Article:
Thinking, Thinking and More Thinking… by Benedict Phillips
In 2012 we started to re-imagine the concept of the Digital Media Labs project. To do this we began by talking amongst ourselves, then we talked to other people about it, then we designed a new structure, looked at it again, and then re-wrote our plan completely! This seemed to go on for over a year… but with help, support and rigorous interrogation from fellow professionals in the creative industries, such as consultant Andi Stamp, our research and development began to reveal the project’s qualities and the direction of travel for the new Digital Media Labs.
The second lab expanded upon the idea of building networks for collaboration and mentorship. This included consolidating our remit to working with organisations and artists from across the North, i.e those within approximately two hours travel of each other, centring on Liverpool, Manchester, Leeds, Sheffield and Newcastle.
Every lab in it’s design and execution is a piece of research into how to run a lab. The Digital Media Labs have had to evolve with each iteration because they are responding to developments in culture and technology and this is an essential part of the make up of the project. This means that we have to constantly be in the process of developing the model and, in a way, that’s the point.
The artists receive a fee for their initial presentation during the lab and are then asked to undertake the rest of the week on a cost-neutral basis with accommodation, transport and all meals provided by Digital Media Labs. We have also developed our approach to supporting artists to be as flexible as we can, for example supplying family rooms for artists with young children.
We are aware that there seems to be a paradox between our strongly-held belief in the idea of the professional artist, and that of providing an opportunity with no daily fee attached. We position the lab as being first and foremost an opportunity for the artists to develop their work and ideas. Anything that we ask the artists to do in terms of ‘work’ for us (e.g a talk as part of a day long symposium on day one of the lab) we pay for. Everything beyond that point is voluntary and comes without strings attached.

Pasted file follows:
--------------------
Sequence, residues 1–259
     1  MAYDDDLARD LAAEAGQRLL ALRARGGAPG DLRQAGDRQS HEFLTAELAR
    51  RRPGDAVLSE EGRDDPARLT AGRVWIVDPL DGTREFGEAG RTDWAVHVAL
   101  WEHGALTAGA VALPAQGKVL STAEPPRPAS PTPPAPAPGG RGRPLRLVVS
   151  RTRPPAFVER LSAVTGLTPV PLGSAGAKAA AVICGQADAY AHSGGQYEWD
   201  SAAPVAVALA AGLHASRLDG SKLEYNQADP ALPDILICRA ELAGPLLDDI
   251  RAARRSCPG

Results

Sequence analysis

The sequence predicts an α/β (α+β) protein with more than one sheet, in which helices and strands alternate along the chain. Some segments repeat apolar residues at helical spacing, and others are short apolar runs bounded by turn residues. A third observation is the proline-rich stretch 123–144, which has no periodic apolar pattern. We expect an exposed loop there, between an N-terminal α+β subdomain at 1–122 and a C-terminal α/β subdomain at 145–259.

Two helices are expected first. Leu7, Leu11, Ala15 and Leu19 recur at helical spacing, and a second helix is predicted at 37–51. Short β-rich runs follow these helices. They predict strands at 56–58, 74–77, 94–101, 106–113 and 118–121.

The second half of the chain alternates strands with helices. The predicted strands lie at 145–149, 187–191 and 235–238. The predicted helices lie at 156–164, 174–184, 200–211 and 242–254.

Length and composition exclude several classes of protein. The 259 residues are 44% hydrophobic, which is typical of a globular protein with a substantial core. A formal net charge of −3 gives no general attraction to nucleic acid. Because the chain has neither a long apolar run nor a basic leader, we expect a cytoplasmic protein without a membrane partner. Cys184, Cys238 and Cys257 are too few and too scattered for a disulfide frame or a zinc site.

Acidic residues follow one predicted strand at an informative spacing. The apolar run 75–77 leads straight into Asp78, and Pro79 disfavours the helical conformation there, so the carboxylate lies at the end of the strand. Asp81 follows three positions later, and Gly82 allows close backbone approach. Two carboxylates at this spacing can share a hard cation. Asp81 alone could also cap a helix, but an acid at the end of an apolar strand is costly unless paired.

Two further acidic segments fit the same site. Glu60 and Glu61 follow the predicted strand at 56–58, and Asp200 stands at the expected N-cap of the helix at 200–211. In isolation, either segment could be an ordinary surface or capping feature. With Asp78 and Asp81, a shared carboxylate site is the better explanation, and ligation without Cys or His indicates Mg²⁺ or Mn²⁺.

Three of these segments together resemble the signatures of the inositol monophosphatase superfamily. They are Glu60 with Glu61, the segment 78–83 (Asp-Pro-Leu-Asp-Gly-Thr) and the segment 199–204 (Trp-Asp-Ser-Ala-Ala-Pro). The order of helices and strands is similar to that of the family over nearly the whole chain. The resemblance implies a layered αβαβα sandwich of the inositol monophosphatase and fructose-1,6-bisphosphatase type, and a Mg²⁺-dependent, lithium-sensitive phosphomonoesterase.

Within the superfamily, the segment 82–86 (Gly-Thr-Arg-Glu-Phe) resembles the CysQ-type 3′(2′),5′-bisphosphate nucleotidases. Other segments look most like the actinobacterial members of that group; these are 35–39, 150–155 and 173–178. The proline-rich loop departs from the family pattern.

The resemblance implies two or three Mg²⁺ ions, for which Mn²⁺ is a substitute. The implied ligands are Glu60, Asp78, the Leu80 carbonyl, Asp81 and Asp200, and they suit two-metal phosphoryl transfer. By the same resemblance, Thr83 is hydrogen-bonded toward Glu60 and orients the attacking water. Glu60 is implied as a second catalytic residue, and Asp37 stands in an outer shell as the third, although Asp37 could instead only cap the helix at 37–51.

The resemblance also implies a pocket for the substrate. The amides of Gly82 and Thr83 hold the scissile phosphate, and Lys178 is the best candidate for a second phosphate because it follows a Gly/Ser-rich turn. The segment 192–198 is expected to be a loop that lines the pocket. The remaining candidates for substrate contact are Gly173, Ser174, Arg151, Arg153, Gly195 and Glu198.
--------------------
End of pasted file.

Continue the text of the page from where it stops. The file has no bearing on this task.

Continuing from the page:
We feel that our approach and flexibility is significant in relation to contributing to new models for digital commissioning and artist development, as well as building networks and functioning as a catalyst for peer-led projects. Within the wider industry, we feel that the thinking around the Labs can positively contribute towards a greater emphasis on and understanding of the conditions and timeframe required to produce work of greater originality and quality. The idea of the traditional ‘gate-keeper’ in the arts is one that is presently in flux and many of the artists who have taken part in the labs straddle multiple roles such as freelance artist, curator, commissioner, maker and academic.
For the artist, we see broad benefits including networking with organisations, commissioners and meeting with other freelance practitioners under a common cause. From this we hope to see new opportunities generated that are idea-led and peer-led rather than organisation-led. In many ways, this is all an experiment, a calculated risk. We consider our approach as you might a scientific practice: there is pure research practice (genuine exploration of ideas not driven by outcomes) and applied research practice (applying knowledge and experience gained from research to design and create works for public consumption as well as projects informed by the lab experience).
The project is built on the skills and imagination of the artists attending and on our belief that the process of the lab generates a temporary environment that is energised, questioning and exciting. Our intention, to set the stage and challenge artists to let go of their day-to-day working practice just long enough to forget ideas of what they should or shouldn’t do. We believe that the lab environment should be one in which the artists can lose themselves.